Pick up your spoon. Is it lying next to you? Sitting quietly in your afternoon coffee cup? Or is it still, by chance, tucked in a drawer waiting for a good meal? If so, you must go now and retrieve it! You are about to succumb to intoxication, the perfect balance between taste and smell. You are having a Gulab Jamun.
Now dip the spoon ever so gently into that spongy, tawny-colored globe you hold in the cup in front of you. The treat, still warm, offers a fragrance of cardamom and roses. The donut is soft and forgiving, just as a good sweet should be. Its golden elixir spills from the center and carries an aroma reminiscent of royalty: men and women who once sipped tea and echoed poetry within some of the world’s most resplendent gardens. Now take a bite. Gulab Jamun. The name itself rolls through your tongue — sticky and sweet, full and flirty.
What, you ask, is Gulab Jamun? It’s heaven in your mouth! History in your spoon! Happiness at the sweet-seeking tip of your tongue! It is, in all due haste, the crowning achievement of Indian sweet-making culture. Like fashion in France, Indian sweets are taken to art form; of these, Gulab Jamun is the most well-loved. The name itself can be translated to the name “rose berry.” The treat’s orb-like shape and color resembles the well-known purplish “Jamun” berry in India, and rosewater is the signature ingredient that flavors it. Ironically enough, the Jamun fruit is believed to be a “diabetes fighter.” Too many Gulab Jamuns, on the other hand, will likely give you a heart attack.
Although no real comparison exists in the American repertoire of sweets, the Gulab Jamun itself looks like a donut hole, although lighter and more airy than cake donuts you might pick up at Tim Horton’s. It is composed mostly of milk that has been boiled down to a solid state (called Khoya in Hindi), mixed with flour and then deep fried to a deep, gorgeous, crimson brown color. After it is fried, it is soaked in sugar syrup flavored with the rosewater and saffron or cardamom. Eat it alone, warm, or with a dish of vanilla ice cream. Gulab Jamun is by turns sweet, spongy, gooey, warm, and aromatic, and it satisfies many a dessert craving. Heart attack be damned.
Gulab Jamun Is a Bite-Sized Portion of Indian History
Deep within Indian history, the Mughals made a grand entrance. They came adorned in the finest, most colorful silks. They kept peacocks and tigers as pets. And they lounged on marbled and bejeweled thrones as their coterie of Khansamas, or cooks, prepared time-consuming, delectable meals. One of the many indulgences laid upon these luxurious laps was Gulab Jamun. The sweet was introduced to the Indian Subcontinent in the Mughal Empire, and its origins are in Persia, where its counterpart — Luqmat Al Qadi – was made with honey. The Mughals, a Muslim dynasty, began their rule in the Indian subcontinent in 1526 when Babur expanded into northern India and won the first battle at Panipat. Babur was the first of a succession of Mughal leaders who consolidated power and became the force that united the erstwhile collection of independent Hindu kingdoms. Mughal rule did not end until the mid-nineteenth century, when it was supplanted by the British raj.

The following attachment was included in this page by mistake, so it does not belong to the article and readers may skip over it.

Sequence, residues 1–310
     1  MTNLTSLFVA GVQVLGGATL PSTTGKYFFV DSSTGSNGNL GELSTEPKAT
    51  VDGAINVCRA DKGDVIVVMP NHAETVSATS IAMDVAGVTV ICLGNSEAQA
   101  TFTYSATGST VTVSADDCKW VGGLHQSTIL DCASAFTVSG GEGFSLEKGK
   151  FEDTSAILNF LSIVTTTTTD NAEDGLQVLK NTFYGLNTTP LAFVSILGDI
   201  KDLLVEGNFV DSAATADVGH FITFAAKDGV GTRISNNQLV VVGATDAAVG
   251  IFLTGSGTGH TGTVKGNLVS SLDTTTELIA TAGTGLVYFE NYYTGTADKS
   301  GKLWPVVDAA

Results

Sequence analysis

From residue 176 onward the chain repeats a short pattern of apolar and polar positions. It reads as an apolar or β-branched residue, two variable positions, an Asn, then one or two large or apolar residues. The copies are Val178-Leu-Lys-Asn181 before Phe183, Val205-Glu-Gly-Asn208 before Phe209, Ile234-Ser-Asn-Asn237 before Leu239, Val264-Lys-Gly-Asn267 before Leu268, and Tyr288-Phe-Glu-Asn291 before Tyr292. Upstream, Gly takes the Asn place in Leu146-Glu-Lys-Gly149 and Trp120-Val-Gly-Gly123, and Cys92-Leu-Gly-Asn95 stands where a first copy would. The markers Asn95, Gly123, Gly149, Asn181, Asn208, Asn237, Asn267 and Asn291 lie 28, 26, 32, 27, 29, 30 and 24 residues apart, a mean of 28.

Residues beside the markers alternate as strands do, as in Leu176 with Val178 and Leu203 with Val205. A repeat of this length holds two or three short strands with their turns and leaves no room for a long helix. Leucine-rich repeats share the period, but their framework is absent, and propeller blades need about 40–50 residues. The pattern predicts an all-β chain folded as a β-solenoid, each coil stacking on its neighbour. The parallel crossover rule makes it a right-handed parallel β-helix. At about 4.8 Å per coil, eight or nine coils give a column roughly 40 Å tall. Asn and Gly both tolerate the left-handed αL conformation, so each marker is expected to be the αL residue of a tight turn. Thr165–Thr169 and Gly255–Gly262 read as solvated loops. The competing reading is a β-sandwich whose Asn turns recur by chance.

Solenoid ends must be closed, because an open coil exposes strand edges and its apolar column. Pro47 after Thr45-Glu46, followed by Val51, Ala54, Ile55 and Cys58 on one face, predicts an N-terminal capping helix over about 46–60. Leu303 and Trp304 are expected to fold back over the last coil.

The Mughal period brought to the Indian subcontinent a flowering of art, culture and government. The period produced the first blending of Indian, Iranian and Central Asian traditions which led to greater trade, new languages, and the development of crafts in architecture, gardening and cooking.
When Persian food first arrived in India, the local khansamas adapted the cuisine for the Nawabs, Muslim Nobles in the north. They combined the familiar tastes of garlic, onions, nuts and fruits with local Hindu culinary traditions. Soon this food, including Gulab Jamun, was introduced at the Mughal courts in Delhi. Khansamas boiled fresh milk for hours before it reduced to the solid form used to shape the luscious white balls. Court slaves meticulously collected thousands of rose petals, then soaked them to extract the perfumed essence called rosewater. And although packaged rosewater rather than fresh rose petals is generally used today, Delhi sweet makers, or moiras, still make some of the best Gulab Jamun in India.
The Hinduization of Gulab Jamun
The streets of India come alive during Hindu celebrations in India. Women wrap themselves in their most crisp and colorful saris and men carefully pull on newly pressed kurtas. At Diwali, Pongal, Holi and Durga Puja, Gulab Jamun has become a centerpiece of holiday festivities. Tradition requires revelers to fill the streets and bring gifts of sweets to the homes of friends and relatives. Gulab Jamun is the chosen favorite.
At weddings, too, Gulab Jamun, makes a presentation. An auspicious wedding celebration is one that offers an almost unlimited supply of Gulab Jamuns for its guests. Amid the crowds that come to bring glad tidings and to eat, you can always find a collection of restless young boys who keep guard at the dessert table. They stuff the sweet fried balls, one after the other, into their mouths in a contest to see who can inhale the most. If you have eaten a Gulab Jamun, you might be surprised to learn that these hungry wedding goers can pack 30 or more into their growing stomachs!
Gulab Jamun by Any Other Name. . .